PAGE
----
Well, the wheels of justice move slowly. After a couple of months, we are ready for an update. On our misrepresentation case, we have finally filed suit against the local car dealer, the national manufacturer, and the Tennessee dealer. Why all three? Well, the car was purchased in Birmingham, AL with an alleged 12 month and 12,000 mile warranty. No one honored the warranty, and the vehicle was sent to Tennessee for repairs. The car remains in Tennessee unrepaired even though the car has a warranty.
The National manufacturer bought the vehicle back because it was originally a lemon, but they didn’t stamp it a buyback on the title like the Alabama law requires:
The manufacturer returns the title of the motor vehicle to the Alabama Department of Revenue advising of the return of the motor vehicle under provisions of this chapter with an application for title in the name of the manufacturer. The Department of Revenue shall brand the title issued to the manufacturer and all subsequent titles to the motor vehicle with the following statement:
THIS VEHICLE WAS RETURNED TO THE MANUFACTURER BECAUSE IT DID NOT CONFORM TO ITS WARRANTY.
Also, the Tennessee dealer allowed one of their mechanics to attempt to repair the car on the side while they represented that they were doing it under the warranty.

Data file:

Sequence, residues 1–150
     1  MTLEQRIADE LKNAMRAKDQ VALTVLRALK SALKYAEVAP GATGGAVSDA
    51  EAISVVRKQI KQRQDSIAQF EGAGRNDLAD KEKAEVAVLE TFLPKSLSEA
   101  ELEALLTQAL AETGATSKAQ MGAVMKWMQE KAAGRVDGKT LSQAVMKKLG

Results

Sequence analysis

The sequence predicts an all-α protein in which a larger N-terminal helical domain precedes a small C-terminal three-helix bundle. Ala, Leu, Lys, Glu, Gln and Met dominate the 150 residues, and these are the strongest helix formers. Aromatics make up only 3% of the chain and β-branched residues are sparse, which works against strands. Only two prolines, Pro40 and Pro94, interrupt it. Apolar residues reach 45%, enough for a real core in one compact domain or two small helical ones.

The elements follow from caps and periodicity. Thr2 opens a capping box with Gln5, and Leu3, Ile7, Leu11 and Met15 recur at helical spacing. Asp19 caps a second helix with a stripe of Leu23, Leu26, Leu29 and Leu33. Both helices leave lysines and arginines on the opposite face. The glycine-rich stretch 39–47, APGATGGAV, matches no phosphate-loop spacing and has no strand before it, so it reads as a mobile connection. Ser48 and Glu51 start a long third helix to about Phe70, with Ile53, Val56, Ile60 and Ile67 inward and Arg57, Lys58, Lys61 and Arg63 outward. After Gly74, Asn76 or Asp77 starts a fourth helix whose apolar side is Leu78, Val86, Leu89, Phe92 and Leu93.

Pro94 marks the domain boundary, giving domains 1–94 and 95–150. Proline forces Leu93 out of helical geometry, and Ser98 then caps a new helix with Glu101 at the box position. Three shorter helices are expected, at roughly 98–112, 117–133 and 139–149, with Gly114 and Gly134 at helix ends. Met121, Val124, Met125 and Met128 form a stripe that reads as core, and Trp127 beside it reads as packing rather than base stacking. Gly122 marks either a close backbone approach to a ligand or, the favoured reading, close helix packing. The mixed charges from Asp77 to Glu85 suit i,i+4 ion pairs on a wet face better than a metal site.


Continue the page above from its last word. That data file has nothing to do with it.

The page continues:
Consequently, we have filed suit in Circuit Court in Alabama for various claims including: misrepresentation, fraud, violations of the lemon law, violations of the magnuson Moss Warranty Act, breach of warranty, breach of contract, negligence, etc. Once the three defendants receive the complaint, they will have thirty days to file an answer. We’ll keep you posted.
On our car wreck claim, we have finally gotten all of the medical records and bills, and tomorrow, we are sending a letter to the insurance carrier setting forth all of the facts, claims, and the amounts of the damages. Insurance companies call this a "Demand Package." I really don’t like that term because we can "demand" whatever we want, but they don’t have to pay it. Hopefully, the insurance carrier will be reasonable in this case, and we won’t have to file suit, but we will have to wait and see after they have reviewed our letter.